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PortugueseEdit

EtymologyEdit

From Latin barbarus (foreign, savage), from Ancient Greek βάρβαρος (bárbaros, foreign, strange), of onomatopoeic origin, mimicking the sound of foreign languages.

AdjectiveEdit

bárbaro m (feminine singular bárbara, masculine plural bárbaros, feminine plural bárbaras, comparable)

  1. barbarian (uncivilized)
  2. wicked (evil or mischevous)
    Synonyms: mau, , malvado

NounEdit

bárbaro m (plural bárbaros, feminine bárbara, feminine plural bárbaras)

  1. barbarian (uncivilised person)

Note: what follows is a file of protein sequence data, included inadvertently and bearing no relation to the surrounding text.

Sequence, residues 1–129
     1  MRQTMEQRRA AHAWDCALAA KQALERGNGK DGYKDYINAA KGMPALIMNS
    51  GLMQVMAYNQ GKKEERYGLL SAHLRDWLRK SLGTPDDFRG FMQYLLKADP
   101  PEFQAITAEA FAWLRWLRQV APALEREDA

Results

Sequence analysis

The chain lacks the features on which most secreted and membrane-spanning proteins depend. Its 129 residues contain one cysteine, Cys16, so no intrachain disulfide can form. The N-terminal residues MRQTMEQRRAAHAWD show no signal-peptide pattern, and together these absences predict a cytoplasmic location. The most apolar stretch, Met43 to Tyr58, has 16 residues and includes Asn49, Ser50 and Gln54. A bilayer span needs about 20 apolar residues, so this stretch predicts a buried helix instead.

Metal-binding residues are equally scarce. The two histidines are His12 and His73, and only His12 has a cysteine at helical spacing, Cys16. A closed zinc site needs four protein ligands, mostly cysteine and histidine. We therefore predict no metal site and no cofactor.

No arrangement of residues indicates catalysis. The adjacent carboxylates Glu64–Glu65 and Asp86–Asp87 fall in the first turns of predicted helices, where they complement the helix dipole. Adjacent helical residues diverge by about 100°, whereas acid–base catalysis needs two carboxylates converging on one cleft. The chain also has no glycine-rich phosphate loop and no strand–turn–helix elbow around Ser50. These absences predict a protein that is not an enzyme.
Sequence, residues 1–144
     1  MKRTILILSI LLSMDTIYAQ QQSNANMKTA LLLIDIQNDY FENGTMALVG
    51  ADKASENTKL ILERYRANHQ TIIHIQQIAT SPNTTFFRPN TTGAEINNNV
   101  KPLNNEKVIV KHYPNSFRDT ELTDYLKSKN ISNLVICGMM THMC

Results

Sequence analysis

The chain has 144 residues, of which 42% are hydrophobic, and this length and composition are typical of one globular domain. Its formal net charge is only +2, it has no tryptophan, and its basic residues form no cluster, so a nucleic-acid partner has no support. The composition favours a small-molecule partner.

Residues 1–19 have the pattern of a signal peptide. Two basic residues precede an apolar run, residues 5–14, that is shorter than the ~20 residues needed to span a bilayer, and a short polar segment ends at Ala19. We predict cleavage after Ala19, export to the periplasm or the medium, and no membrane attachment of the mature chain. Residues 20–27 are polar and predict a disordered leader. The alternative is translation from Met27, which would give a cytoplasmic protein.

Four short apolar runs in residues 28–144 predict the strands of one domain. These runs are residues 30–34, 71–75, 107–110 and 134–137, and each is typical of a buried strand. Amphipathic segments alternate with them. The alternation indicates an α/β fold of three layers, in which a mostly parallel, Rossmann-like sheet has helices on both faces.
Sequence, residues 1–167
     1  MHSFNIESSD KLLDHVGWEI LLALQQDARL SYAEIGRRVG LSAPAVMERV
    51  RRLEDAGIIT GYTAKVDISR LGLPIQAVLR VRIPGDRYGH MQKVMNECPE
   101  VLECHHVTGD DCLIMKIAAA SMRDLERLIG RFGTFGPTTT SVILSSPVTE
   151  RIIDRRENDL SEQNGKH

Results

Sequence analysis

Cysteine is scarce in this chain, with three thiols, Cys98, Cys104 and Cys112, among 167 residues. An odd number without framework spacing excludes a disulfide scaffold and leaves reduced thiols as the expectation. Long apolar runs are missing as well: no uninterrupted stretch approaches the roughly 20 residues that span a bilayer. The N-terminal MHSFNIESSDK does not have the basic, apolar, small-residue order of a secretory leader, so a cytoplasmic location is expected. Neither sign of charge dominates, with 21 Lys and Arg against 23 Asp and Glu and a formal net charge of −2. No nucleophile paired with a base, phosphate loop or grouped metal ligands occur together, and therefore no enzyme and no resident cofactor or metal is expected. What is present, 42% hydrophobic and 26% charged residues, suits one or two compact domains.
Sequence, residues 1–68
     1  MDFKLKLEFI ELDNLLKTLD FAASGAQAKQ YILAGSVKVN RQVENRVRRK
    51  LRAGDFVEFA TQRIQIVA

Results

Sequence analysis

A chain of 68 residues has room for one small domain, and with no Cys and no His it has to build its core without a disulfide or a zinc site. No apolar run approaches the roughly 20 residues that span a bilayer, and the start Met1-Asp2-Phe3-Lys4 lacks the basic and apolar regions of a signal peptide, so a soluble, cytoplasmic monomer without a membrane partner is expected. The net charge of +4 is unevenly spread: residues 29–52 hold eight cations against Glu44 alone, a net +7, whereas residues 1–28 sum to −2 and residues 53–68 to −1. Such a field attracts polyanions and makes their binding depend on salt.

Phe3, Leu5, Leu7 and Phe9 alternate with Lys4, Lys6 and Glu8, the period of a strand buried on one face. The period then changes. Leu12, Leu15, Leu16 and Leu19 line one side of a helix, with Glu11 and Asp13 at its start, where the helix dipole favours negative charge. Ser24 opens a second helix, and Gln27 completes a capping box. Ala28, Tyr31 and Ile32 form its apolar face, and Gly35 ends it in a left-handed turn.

SpanishEdit

 
Spanish Wikipedia has an article on:
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EtymologyEdit

From Latin barbarus (foreign, savage), from Ancient Greek βάρβαρος (bárbaros, foreign, strange), of onomatopoeic origin, mimicking the sound of foreign languages.

PronunciationEdit

  • IPA(key): /ˈbarbaɾo/, [ˈbarβaɾo]

AdjectiveEdit

bárbaro (feminine singular bárbara, masculine plural bárbaros, feminine plural bárbaras)

  1. barbaric
  2. (colloquial) enormous
  3. (colloquial) stupendous
  4. (colloquial) cool

NounEdit

bárbaro m (plural bárbaros, feminine bárbara, feminine plural bárbaras)

  1. barbarian

Derived termsEdit

Related termsEdit

Further readingEdit